Saturday, April 2, 2016
As I go through the Psalms, I constantly remind myself that they truly are songs,
most written by David after his years of music practice while a shepherd.
This is a "somebody done somebody wrong song," very wrong. That somebody was Saul. David wrote this psalm after he was told the sad, sad story of the priest who blessed him, fed him, and returned what was rightfully his, the sword of Goliath, and paid a dear price for it. David was running for his life. Saul was after him. David even had to hide his family in Moab.
King Saul pouted and said, "'Hear now...For all of you have conspired against me so that there is no one who discloses to me when my son (Jonathan) makes a covenant with the son of Jesse, and there is none of you who is sorry for me or discloses to me that my son has stirred up my servant against me to lie in ambush, as it is this day.' Then Doeg the Edomite, (the dog), who was standing by the servants of Saul, answered and said, 'I saw the son of Jesse coming to Nob, to Ahimelech the son of Ahitub.'" (The whole story is in I Samuel 22.)
Doeg was a snitch. King Saul sent for the priest Ahimelech, and ordered him and those of his household to be put to death. His men refused, all but Doeg. Then after he killed 85 priests, they went to their city Nob, and struck down by the sword, men, women, children, infants and their animals. Only one, a son of Ahimelech, escaped and went to hide with David. Yep. It is a sad song aright.
"Why do you boast in evil...
Why do you love evil more than good?"
(verse 1, 3)
"Thou wouldst rather please Saul by telling a lie
than please God by speaking truth."
"But God will snatch you up, and tear you away from your tent (tornado style),
And uproot you from the land of the living.
And the righteous will se and fear,
And will laugh at him, saying,
'Behold the man who would not make God his refuge,
But trusted in the abundance of riches,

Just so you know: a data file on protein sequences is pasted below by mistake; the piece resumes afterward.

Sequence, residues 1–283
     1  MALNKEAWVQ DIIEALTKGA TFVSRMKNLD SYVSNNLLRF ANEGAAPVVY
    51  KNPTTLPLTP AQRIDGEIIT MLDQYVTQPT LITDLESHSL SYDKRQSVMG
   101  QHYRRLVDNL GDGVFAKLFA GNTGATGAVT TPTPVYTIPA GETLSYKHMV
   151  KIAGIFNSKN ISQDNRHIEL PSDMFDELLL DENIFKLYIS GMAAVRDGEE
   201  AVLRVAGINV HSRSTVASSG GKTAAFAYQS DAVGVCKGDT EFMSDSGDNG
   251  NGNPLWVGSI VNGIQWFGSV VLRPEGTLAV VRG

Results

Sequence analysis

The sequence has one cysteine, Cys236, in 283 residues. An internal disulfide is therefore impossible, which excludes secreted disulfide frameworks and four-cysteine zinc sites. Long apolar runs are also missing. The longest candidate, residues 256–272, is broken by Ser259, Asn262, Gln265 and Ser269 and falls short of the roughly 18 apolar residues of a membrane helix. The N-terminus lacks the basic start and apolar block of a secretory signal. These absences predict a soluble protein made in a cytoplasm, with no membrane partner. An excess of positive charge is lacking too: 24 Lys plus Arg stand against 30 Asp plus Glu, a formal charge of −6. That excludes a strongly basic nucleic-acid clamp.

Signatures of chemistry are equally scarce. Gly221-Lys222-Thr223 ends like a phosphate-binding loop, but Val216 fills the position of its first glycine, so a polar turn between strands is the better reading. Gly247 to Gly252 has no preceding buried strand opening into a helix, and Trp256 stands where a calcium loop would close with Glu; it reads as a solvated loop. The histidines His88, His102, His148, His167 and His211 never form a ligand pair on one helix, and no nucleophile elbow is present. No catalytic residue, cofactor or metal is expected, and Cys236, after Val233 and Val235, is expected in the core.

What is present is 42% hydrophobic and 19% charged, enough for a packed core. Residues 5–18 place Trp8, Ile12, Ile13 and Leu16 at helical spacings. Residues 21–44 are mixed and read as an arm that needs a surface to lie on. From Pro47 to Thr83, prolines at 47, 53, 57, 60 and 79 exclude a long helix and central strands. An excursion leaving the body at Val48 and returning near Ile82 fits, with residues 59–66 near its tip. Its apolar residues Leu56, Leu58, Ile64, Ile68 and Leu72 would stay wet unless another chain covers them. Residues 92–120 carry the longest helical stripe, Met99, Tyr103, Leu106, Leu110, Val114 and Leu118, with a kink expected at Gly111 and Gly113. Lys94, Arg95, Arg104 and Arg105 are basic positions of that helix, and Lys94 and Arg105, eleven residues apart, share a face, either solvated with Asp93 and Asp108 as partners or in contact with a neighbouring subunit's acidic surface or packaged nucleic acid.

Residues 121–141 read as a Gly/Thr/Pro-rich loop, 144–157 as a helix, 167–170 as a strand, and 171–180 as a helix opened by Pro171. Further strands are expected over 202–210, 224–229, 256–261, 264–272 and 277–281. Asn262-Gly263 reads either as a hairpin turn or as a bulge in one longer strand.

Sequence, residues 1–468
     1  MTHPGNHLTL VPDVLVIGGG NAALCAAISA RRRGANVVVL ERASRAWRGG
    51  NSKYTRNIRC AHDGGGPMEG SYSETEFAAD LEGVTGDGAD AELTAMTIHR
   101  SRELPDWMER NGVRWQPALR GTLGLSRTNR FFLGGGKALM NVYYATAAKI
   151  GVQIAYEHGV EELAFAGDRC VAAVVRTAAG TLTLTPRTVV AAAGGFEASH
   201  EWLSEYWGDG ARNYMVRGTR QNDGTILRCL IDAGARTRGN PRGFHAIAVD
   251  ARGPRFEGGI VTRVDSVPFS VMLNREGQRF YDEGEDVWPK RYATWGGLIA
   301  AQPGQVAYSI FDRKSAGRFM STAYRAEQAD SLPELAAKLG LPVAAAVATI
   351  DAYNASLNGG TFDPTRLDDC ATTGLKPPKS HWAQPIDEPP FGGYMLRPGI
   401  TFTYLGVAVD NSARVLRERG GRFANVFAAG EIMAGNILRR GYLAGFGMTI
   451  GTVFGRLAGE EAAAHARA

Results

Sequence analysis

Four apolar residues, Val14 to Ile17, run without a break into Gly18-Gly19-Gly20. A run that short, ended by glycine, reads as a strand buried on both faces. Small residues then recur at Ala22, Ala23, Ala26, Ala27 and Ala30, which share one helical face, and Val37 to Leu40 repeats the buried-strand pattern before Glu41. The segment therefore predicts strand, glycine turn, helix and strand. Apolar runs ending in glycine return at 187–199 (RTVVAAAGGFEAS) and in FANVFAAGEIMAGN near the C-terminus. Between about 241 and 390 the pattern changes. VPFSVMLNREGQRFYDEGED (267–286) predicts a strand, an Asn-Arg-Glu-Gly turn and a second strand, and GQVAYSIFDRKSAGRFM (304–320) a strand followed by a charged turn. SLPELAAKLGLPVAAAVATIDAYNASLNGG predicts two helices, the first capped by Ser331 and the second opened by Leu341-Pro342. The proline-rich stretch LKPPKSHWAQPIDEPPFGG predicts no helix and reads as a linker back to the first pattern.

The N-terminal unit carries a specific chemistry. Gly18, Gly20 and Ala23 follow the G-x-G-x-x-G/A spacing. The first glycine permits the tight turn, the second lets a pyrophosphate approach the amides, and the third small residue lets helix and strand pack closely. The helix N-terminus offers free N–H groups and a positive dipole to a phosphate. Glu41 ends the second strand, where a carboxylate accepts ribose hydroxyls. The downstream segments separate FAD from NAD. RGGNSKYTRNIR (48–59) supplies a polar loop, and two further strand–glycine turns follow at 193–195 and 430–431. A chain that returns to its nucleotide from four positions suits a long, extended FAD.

And was strong in his evil desire.'
But as for me, I am like a green olive tree
in the house of God;
I trust in the lovingkindness of God
forever and ever.
I will give Thee thanks forever,
because Thou hast done it,
And I will wait on Thy name,
for it is good,
in the presence of Thy godly ones."
I think of Danny Gokey who was a minister of music and went on American Idol soon after his young wife passed away. I think of this as I listen to his newest song, "Tell Your Heart to Beat Again." Perhaps this is the message David wanted to give to his followers who were described in
I Samuel 22:2 as "everyone who was in distress, and everyone who was in debt,
and everyone who was discontented, gathered to him."
David ends his song on a sweet note.
Though Doeg was plucked up by the roots,
David was planted, rooted, and flourishing.
"He (Doeg), like a bad tree, bringing forth poisonous fruit,
shall be cursed, and pulled up from the roots:
I, like a healthy olive in a good soil,
shall, under the influence of God's mercy,
bring forth fruit to His glory...
so shall I flourish in the mercy of God
forever and ever...
I am planted in the house of the Lord;
and derive all my nourishment from Him."
"I will wait on Thy name," means,
"I will continue to use those means
by which Thou communicates
Thy grace to the soul."
That is our challenge, right,
to use those means God offers
for grace to our soul?"
Yep, in a weary world, evil often seems to flourish, but we must continue to put our roots down deeper in the things of God. In a silly way, I will illustrate what we often find on our plate living here below: I love red sauce, ground beef enchiladas even as messy as they are to make; yet when I put the beautiful dish down on the table then my man went and grabbed the leftover macaroni salad and piled it next to his enchilada; those two do not, let me repeat, DO NOT go together. I almost lost my appetite and gagged when his fork dug through and had both on the tines at the same time. Hmm. So, I tried to eat as much of the casserole as I could so that he could not have more helpings to ruin. (Just kidding, slightly) Hmm. We cannot mix shallow roots with the deep roots of God. Some things just don't go together. Got it?
Wait a minute. How did I start talking about enchiladas?
I'm sure they're not in the Bible.
at 8:33 AM